Jack passed away in 1961 and Aggie lived with her daughter, Miki, in Pitt Meadows until her death ten years later. They are both buried in the Kimberley Cemetery.
Their eldest daughter, Eva, married Eric Stone, a timberman for the Company. They had four children: Ruth, Marlene, Norma and one son, John. He was only a year old when Eva passed away in 1935.
Miki worked at the Townsite Cookhouse for five years and during the war she went to the coast and worked for Boeing Aircraft. She married Eugene Bennett, a heavy equipment operator at Pitt Meadows. They now reside in Greenwood. They had no children.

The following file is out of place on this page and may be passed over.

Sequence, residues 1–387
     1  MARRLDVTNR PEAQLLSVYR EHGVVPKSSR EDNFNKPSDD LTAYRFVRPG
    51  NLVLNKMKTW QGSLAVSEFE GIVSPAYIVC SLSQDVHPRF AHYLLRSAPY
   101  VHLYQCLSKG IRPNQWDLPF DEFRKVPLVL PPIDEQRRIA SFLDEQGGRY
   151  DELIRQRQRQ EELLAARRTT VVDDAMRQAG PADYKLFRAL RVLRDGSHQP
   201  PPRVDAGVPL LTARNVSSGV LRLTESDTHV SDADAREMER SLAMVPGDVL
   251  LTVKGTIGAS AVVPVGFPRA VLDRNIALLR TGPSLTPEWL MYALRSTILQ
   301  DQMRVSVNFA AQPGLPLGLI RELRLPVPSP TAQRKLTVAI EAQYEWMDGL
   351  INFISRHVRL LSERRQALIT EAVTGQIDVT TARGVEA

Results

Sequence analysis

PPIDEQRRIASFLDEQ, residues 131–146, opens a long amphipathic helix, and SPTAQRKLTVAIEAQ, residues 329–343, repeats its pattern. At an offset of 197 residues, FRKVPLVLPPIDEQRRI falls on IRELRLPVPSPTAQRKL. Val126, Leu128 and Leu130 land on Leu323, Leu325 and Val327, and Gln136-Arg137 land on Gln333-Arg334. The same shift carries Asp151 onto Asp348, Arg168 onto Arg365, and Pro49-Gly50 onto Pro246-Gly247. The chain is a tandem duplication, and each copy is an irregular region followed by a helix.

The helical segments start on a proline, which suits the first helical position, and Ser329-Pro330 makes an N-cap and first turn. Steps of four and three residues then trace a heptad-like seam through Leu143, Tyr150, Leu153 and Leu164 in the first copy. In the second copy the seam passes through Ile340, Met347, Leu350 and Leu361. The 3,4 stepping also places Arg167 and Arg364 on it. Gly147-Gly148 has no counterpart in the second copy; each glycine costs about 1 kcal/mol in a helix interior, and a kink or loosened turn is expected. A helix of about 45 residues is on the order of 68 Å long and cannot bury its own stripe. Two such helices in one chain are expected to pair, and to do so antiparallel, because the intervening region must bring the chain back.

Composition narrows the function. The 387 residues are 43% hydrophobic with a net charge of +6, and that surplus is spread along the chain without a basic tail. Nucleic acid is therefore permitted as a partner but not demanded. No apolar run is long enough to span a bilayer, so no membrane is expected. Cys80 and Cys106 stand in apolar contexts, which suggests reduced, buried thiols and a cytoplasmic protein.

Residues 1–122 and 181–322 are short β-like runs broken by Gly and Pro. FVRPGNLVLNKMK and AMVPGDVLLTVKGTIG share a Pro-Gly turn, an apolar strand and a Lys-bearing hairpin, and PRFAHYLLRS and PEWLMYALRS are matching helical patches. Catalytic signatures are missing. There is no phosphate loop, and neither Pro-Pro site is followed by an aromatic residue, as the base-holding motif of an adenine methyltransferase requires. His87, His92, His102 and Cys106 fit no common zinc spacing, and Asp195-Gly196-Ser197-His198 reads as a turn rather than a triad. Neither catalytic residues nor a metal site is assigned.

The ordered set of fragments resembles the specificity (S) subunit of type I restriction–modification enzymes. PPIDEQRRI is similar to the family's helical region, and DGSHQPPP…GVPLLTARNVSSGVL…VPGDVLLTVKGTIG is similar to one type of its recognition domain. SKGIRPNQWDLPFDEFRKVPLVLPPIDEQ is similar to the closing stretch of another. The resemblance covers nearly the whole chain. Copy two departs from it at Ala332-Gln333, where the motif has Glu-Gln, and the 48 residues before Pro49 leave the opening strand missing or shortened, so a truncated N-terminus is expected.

Phil began his apprenticeship as a machinist at the Concentrator in 1933 where he worked for the next ten years. He liked sports of all kinds and played basketball and junior hockey. He did some skiing and even tried riding in a rodeo. He enjoys hunting, fishing and curling. Phil married Kathleen McGinnis and they had one son, Phil Jr. He lives in Cranbrook and works on construction. Phil spent three years in the Navy where he worked in the engine room on mine sweepers. He returned in 1947 and went to work in the Mine. He and Kathleen were divorced and he married Ferne (Simpson) Liversidge, another divorcee with one son Tommy. Phil and Ferne have three sons: Larry, James and Michael. All are construction workers. They managed the King Koin Laundromat for ten years, a very demanding job. They have resided in Marsyville since 1948 but they own property on the St. Mary's Lake road near Matthew Creek where he plans to build a new home. He retired in 1975.